My 3rd period class had a VERY different reaction. This question intimidated them at first since this class does not like to talk to each other. (It is an odd phenomenon: 6 boys & 6 girls who COMPLETELY section themselves off by gender in every activity where they have the choice) Once one student started to have fun with the question, all of them started to come up with hypothetical situations and interesting, complex ideas much like those proposed by the teachers in our workshop group. I was very excited to see some of them take to this question like nothing else before. I heard one student even say "We should start ALL our units like this!! Like - What is a wave? and we have to make it up ourselves and guess and then learn as we go." A bunch of my student agreed. This was so exciting for me. I plan on using this as a model for each new unit I start. I am concerned with finding questions as good as this one though. I'd love to find out if anyone knows of a resource containing open-ended, discussion generating questions like this one. I'd be so grateful to you.

    I kept track of everything they brainstormed and wrote it all on the board, which I later organized into a typed document. I am going to combine both periods' information into one document and use it as reference as we go through the unit. This will allow them to constantly be reminded (and hopefully motivated) as we learn new material.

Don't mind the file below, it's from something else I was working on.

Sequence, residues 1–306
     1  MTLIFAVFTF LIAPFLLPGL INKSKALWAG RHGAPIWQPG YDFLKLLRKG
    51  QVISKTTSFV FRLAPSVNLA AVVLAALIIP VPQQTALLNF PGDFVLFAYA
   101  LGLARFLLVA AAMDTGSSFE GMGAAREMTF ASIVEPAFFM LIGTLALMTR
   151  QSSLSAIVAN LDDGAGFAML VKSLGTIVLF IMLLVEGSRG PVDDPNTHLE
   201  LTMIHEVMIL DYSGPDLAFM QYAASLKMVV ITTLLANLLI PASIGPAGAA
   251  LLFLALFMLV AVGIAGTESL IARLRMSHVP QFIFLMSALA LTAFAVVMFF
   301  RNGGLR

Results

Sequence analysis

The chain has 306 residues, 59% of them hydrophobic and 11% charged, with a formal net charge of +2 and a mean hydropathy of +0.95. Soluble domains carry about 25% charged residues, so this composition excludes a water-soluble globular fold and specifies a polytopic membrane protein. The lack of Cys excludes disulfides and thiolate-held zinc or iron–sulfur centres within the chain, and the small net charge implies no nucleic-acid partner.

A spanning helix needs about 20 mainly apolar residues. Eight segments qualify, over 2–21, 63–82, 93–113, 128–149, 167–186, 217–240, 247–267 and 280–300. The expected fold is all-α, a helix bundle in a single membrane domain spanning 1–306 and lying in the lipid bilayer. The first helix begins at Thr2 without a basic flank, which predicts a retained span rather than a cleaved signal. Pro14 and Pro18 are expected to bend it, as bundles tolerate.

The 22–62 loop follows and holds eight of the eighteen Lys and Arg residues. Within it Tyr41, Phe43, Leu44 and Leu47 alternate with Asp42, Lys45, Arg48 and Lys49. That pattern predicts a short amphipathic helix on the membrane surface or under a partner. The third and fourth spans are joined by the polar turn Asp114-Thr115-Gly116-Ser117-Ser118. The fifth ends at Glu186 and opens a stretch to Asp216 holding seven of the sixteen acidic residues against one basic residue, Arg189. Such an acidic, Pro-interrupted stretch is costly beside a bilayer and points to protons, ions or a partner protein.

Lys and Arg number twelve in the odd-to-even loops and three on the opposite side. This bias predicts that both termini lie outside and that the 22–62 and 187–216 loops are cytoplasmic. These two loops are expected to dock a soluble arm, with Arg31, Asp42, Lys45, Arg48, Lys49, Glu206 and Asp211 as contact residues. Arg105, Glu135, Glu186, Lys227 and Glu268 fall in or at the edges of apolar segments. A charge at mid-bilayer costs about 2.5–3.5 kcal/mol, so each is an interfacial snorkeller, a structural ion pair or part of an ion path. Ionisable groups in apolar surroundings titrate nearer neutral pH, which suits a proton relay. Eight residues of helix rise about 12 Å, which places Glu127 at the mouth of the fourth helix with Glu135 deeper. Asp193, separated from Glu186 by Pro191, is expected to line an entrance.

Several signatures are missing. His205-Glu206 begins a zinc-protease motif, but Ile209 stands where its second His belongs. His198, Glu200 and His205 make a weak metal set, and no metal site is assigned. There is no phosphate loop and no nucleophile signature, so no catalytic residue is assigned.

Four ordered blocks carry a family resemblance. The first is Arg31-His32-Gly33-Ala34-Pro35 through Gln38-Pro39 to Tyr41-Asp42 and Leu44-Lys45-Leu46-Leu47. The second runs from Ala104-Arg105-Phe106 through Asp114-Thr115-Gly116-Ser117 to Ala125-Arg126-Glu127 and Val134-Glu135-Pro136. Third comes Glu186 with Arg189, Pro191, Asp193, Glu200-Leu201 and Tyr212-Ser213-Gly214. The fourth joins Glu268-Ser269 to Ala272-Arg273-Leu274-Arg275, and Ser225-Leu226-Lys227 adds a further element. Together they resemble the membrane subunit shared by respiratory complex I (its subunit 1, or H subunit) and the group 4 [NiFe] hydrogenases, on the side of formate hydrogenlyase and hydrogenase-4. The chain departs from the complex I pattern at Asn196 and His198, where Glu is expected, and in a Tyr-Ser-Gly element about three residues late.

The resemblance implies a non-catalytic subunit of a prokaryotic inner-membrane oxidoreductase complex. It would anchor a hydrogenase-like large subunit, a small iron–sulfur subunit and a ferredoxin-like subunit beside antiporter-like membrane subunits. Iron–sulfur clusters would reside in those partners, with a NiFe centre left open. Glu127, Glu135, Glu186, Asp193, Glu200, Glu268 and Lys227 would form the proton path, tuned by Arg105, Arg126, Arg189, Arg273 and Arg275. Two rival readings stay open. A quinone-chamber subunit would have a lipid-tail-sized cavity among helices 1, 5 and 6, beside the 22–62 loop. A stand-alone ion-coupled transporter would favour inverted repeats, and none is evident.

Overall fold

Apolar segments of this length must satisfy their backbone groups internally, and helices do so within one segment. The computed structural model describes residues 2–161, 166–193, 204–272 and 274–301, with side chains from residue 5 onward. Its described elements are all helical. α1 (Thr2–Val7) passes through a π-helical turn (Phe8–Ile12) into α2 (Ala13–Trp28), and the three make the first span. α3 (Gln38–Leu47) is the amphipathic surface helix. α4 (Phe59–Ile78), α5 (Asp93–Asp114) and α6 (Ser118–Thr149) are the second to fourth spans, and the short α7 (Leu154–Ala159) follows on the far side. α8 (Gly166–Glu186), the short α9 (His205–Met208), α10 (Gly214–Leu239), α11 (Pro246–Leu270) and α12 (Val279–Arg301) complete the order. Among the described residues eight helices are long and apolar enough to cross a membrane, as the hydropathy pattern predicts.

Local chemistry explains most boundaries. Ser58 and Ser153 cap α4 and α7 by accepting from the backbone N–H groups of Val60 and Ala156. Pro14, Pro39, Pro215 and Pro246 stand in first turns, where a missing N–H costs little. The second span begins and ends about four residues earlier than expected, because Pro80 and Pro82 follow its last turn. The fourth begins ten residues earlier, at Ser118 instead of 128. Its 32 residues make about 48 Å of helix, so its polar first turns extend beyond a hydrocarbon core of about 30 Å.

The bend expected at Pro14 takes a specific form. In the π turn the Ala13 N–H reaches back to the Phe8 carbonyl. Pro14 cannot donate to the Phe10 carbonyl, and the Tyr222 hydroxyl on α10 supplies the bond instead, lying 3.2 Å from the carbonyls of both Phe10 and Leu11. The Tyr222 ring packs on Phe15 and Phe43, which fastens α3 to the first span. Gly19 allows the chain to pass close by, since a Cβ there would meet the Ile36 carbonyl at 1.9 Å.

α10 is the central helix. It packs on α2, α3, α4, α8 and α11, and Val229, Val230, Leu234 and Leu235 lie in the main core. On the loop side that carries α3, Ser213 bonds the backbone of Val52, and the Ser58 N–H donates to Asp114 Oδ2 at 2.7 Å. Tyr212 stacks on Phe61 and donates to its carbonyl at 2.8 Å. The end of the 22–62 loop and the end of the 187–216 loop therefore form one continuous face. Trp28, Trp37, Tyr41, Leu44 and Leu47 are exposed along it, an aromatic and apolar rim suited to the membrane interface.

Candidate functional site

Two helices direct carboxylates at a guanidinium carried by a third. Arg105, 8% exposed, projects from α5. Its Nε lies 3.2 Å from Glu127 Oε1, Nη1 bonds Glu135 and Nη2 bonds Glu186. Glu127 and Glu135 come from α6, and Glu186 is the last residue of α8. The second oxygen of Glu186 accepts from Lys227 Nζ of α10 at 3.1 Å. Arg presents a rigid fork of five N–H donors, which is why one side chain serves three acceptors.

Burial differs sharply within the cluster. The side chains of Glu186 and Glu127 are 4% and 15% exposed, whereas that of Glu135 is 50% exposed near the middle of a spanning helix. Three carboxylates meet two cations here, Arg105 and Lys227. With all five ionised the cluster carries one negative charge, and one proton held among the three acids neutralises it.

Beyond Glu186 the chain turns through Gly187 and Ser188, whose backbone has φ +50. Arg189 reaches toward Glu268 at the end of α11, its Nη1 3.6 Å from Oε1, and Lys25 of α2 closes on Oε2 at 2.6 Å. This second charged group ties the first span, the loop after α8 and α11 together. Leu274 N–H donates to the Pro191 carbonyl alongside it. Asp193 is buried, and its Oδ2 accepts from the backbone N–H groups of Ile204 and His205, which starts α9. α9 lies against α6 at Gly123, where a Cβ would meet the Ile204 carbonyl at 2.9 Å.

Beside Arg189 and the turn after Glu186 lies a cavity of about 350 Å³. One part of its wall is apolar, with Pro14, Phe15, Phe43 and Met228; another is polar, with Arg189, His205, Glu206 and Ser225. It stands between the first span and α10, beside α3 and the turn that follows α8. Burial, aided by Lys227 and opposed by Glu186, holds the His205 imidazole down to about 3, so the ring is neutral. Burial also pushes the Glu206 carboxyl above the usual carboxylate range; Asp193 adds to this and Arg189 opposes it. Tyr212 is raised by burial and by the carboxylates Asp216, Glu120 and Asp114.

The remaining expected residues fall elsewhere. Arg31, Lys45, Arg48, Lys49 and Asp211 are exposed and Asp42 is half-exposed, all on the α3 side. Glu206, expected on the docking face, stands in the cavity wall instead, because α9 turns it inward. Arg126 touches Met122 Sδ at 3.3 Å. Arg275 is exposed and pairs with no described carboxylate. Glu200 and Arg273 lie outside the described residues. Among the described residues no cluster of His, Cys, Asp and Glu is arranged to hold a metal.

Overall - AWESOME idea. I can't wait to try it again and to try out the method with other topics. THANKS!

  2. Rebecca, congratulations on what seems to have been a very successful implementation of the rainbow discussion! Thanks for sharing this experience with us all.

    You wrote that you have collected all the ideas your students came up with, and that you are planning to use this collection on your "way" through the unit. Would you like to share your materials in a new post on this blog, and append that post in comments as you go along in the unit? I (and I'm sure the other contributors to this blog as well) would be very interested in reading more about your implementation in your classes!

  3. Rebecca, that's so exciting, both for you and your students.

    I'm so glad you got a chance to write down all their ideas and questions. And I agree with Benedikt: you should totally make a post about it, and share the typed document of student ideas. I'm especially interested because you said that your students came up with a lot of same ideas we did. In my experience, that happens a lot. Children, students, and older adults have eerily similar ideas about lots of science things.

    Congratulations again! I hope this blog will become a resource for good questions. I think the more we practice paying attention to our own inquiry questions about the world, the better we become at generating and identifying questions for our students. But I will be on the lookout for good resources elsewhere and share them here.